Book 6 for my Back to the Classics Challenge: The Grapes of Wrath, by John Steinbeck. Officially the most depressing book I’ve ever read. It took me 3 months to drag my way through it because I couldn’t read more than a handful of pages at a time.
At the time of publication, Steinbeck’s novel “was a phenomenon on the scale of a national event. It was publicly banned and burned by citizens, it was debated on national talk radio; but above all, it was read.” According to The New York Times, it was the best-selling book of 1939 and 430,000 copies had been printed by February 1940. In that month it won the National Book Award, favorite fiction book of 1939, voted by members of the American Booksellers Association. Soon it won the Pulitzer Prize for Fiction.The book was noted for Steinbeck’s passionate depiction of the plight of the poor, and many of his contemporaries attacked his social and political views. Bryan Cordyack writes, “Steinbeck was attacked as a propagandist and a socialist from both the left and the right of the political spectrum. The most fervent of these attacks came from the Associated Farmers of California; they were displeased with the book’s depiction of California farmers’ attitudes and conduct toward the migrants. They denounced the book as a ‘pack of lies’ and labeled it ‘communist propaganda’”. Some accused Steinbeck of exaggerating camp conditions to make a political point. Steinbeck had visited the camps well before publication of the novel and argued their inhumane nature destroyed the settlers’ spirit.
The book begins hopeless as Tommy Joad returns home from prison to find the family home pushed off its foundation by a tractor – the family lost the farm to the bank. They’re at Uncle John’s down the road planning and packing up to head to California. They kill the last pigs and salt them down for food on the road. From this depressing beginning, they set off with varying degrees of optimism about their new life in California. The newlyweds (with baby on the way) dream of a house and a fence and a steady job; the older folks a little more subdued but still expectant.
What follows is 479 pages of misery. People die. People starve. People are treated like animals. People are cheated. More people die. Glimmers of hope come but they’re always balanced by hopelessness: at the government camp the migrant workers find humanity but no work; at the other camps there’s work but no humanity. Pick your misery.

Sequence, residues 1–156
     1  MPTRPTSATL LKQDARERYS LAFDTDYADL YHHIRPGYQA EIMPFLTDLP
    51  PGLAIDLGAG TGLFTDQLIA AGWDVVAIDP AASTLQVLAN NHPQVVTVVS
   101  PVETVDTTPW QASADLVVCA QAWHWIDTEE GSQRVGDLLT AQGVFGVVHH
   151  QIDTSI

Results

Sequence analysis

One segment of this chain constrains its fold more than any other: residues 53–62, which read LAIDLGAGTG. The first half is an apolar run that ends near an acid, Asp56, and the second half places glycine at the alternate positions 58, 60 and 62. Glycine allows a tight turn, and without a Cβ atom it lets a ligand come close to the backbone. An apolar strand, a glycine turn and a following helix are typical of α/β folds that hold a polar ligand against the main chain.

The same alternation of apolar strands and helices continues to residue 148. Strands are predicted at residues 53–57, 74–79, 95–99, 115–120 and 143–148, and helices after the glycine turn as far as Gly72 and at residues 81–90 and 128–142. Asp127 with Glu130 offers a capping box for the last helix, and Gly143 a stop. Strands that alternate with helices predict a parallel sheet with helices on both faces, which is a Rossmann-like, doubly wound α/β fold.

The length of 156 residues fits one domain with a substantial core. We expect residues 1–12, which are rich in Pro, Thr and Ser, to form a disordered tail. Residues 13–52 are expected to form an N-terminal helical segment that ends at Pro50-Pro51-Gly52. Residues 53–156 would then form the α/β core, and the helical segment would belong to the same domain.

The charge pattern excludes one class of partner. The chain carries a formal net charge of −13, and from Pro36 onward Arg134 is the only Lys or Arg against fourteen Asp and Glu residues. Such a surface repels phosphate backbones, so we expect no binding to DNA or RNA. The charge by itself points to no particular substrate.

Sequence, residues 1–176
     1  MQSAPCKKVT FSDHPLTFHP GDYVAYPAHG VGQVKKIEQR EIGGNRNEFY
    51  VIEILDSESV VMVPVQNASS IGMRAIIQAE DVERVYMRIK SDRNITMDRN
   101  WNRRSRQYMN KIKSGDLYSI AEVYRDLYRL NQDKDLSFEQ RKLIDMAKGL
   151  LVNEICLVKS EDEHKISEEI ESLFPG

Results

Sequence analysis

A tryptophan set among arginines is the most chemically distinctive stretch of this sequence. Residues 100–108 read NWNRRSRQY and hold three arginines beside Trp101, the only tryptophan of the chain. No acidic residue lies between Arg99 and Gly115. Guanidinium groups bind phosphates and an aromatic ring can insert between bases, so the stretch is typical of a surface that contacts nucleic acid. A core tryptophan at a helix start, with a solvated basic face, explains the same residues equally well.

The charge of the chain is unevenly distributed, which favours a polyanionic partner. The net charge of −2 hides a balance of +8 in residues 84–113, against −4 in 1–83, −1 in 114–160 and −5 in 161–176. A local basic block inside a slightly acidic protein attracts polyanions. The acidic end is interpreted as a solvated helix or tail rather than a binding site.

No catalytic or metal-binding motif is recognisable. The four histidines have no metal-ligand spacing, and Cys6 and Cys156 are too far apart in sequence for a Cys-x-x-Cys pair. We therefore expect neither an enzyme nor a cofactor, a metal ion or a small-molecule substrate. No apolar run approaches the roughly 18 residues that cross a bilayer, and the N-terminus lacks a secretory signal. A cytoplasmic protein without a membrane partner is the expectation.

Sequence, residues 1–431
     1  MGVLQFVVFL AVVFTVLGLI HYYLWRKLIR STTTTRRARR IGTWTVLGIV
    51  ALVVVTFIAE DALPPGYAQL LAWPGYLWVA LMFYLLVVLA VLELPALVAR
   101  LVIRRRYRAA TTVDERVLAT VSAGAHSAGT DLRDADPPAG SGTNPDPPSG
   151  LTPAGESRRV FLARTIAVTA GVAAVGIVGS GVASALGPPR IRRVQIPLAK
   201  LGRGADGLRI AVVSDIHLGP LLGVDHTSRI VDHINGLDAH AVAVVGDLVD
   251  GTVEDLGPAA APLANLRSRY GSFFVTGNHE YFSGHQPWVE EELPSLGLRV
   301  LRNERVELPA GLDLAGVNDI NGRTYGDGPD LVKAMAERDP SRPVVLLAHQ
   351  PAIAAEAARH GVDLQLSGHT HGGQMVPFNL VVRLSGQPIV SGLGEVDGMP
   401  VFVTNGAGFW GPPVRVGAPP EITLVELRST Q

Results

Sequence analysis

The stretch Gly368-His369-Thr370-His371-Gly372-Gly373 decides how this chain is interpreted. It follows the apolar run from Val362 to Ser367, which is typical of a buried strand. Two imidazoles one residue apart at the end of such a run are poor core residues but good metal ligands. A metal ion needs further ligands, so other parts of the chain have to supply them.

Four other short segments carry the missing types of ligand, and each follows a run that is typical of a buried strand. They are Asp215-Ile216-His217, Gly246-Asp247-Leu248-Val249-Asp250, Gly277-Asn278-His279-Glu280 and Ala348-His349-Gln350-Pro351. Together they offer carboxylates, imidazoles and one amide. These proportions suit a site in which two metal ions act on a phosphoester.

The only redeeming part of this book is the character of Ma Joad. Although she suffers along with (and probably more than) the rest of the family, her strength is the only thing that keeps them alive and sane. It’s said beautifully early in the book (pg 81):
She seemed to know, to accept, to welcome her position, the citadel of the family, the strong place that could not be taken. And since old Tom and the children could not know hurt or fear unless she acknowledged hurt or fear, she had practiced denying them in herself. And since, when a joyful thing happened, they looked to see whether joy was on her, it was her habit to build up laughter out of inadequate materials. But better than joy was calm. Imperturbability could be depended on. And from her great and humble position in the family she had taken dignity and a clean calm beauty.
This beauty carried through all the way to the last page when even in conditions far beyond what most of will ever see, much less experience, Ma continues to guide, love, care for, and provide not only for her blood relatives but for those others who have become part of the migrant family.
Maybe it’s just too fresh; even as I’m writing this I’m pondering more how Ma influences Rose of Sharon and imagining what kind of woman she may grow into, after the book closes. I wonder at what the anger that has risen within the migrant family will lead to. I wonder what influence Casey’s words will have on them as they struggle to survive the workless winter. I wonder.
This is my Banned Book for the Back to the Classics Challenge. The link up for this category can be found HERE.